An introduction to courses and careers in Visual effects, Computer Games and Animation. Featuring the University of Bradford and London’s Escape Studios, part of Pearson College London.
30 June 2020 at 15:00
This webinar is hosted by Jon Cheek, the Founder and Director of UniTasterDays. Guidance is provided for students to help them make good choices when considering university. The guest speakers for this event are Rob Redman, the Lecturer in Creative Technology at the University of Bradford and Saint John Walker, the Deputy Dean of London’s Escape Studios, part of Pearson’s College London. What to expect on a computer games, visual effects and animation university course
Rob talks about what a creative technology degree is and what you can expect to study at undergraduate level. One of the main concepts is the combination of creative media and futurology to drive technology forward in many areas such as games, augmentation, simulation, cinematic experiences and rapid prototyping.
The ways this is done is through research, explains Rob and is something you will experience on a creative technology undergraduate course. He goes on to speak about how tutors use a variety of resources to make content as fun as possible, whilst also being educational and informative.
On your course there are many experiences you will gain such as building your portfolio and being involved in extra-curricular activities to develop your skills. One of the main areas of concern for people interested in creative technology degrees is employability. Rob shares statistics on the number of students who go on to work in the industry as well as applicable areas such as entrepreneur programmes. Creative technology is always evolving and is interdisciplinary and requires you to have key skills to get started. Rob explains what it takes to make it in the industry and study this type of course as an undergraduate. How you can find a career in the world of computer games, visual effects and animation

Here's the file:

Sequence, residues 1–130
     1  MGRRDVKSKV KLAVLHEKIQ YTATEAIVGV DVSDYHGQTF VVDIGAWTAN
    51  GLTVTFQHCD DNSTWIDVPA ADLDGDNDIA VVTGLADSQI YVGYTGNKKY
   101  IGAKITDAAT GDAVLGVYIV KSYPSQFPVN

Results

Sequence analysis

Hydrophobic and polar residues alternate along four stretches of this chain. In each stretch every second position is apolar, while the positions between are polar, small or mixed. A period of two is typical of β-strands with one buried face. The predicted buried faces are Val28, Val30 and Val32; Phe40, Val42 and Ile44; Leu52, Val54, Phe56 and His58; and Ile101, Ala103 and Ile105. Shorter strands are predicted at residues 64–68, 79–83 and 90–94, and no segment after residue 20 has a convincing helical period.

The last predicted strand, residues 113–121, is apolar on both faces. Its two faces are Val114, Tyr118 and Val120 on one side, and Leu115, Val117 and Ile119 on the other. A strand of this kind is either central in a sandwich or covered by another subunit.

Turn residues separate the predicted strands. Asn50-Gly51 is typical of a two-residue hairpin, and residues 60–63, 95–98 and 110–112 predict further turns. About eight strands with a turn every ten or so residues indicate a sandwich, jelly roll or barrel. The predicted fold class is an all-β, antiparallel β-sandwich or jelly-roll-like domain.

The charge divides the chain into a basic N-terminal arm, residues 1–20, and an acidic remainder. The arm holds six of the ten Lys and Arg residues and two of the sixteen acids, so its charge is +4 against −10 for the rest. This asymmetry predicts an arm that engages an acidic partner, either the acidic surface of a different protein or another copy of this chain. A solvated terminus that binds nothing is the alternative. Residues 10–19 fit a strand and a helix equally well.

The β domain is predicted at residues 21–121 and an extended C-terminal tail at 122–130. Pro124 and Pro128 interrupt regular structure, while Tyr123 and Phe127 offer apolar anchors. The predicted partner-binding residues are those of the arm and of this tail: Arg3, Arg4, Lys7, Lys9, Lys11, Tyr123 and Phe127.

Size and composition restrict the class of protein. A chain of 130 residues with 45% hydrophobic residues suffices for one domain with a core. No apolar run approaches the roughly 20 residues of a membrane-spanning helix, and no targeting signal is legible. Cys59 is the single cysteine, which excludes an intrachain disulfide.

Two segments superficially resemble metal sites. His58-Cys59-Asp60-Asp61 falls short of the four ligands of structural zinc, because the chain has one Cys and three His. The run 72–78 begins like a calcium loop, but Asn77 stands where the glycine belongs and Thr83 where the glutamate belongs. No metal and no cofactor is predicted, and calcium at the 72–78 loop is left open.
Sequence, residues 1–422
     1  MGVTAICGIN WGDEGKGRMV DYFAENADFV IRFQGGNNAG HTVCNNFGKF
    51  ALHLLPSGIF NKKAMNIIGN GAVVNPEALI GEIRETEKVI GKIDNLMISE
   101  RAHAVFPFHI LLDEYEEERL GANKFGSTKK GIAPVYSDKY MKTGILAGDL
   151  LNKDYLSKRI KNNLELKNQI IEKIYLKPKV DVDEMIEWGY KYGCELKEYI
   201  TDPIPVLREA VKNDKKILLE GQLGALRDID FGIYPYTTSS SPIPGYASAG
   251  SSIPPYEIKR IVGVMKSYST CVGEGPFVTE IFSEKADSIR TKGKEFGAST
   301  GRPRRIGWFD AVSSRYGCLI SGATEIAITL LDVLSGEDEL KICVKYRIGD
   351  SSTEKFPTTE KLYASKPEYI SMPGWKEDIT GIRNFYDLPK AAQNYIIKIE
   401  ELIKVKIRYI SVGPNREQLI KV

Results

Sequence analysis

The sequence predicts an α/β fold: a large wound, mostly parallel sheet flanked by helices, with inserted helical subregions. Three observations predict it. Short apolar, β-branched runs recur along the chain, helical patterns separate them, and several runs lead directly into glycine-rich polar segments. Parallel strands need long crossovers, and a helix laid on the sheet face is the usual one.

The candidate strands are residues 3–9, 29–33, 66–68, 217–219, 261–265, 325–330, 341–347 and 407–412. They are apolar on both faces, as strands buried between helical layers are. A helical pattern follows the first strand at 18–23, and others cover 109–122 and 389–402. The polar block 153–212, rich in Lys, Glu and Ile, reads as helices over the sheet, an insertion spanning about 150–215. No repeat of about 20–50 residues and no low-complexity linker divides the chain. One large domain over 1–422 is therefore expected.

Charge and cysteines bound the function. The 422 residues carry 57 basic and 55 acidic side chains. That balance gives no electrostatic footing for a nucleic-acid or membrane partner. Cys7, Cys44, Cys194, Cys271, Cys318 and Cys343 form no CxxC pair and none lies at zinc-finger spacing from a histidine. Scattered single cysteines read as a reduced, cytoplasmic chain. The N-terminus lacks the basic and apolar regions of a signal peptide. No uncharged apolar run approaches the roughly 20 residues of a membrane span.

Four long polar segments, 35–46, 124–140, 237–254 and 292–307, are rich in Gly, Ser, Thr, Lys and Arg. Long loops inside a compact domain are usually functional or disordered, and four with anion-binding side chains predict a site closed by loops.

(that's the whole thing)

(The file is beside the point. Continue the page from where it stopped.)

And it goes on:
Saint talks about careers in the world of computer games, vfx and animation. He shares important information on where to do your research before finding a career in this industry.
Some of the resources he shares allow you to access a beginner’s guide to the industry, information on getting started in VFX and quizzes so you can see which career is right for you. Regardless of any media course you study, you may want to first become a runner, suggests Saint. He explains what your role as a runner would be, why it is a great entry level start and the skills you will gain through this experience. He goes on to talk about the VFX Festival to find out the different ways people have entered the industry and finally speaks about the games industry itself.
Watch the event recording (after the useful links below:)Session summary from Rubaya Zaman, a final year English Literature student at the University of Birmingham.
Useful links for your research after the session:
Here’s some resources to help you plan a future in VFX, Animation or Games!
Unsure if it’s for you? Take our VFX/Animation/Games Careers Quiz!
Our Careers Guide tells you all about the jobs:
Want to try animation for free?
Info about Games companies and where they are:
Come to our VFX Festival event to find out more about the people who make them
ScreenSkills Careers maps. What careers are available?
Learn more about being a Runner
Your First Steps To A Career in VFX, Animation and Games. A VFX Festival Virtual Panel Discussion
Watch the event recording
The live event is for post 16-students. Those aged 15 or under will have access to the event recordings which will be provided on this page as well, after the event.
Of course teachers, careers colleagues and support staff are very welcome to attend as well - for their own CPD purposes.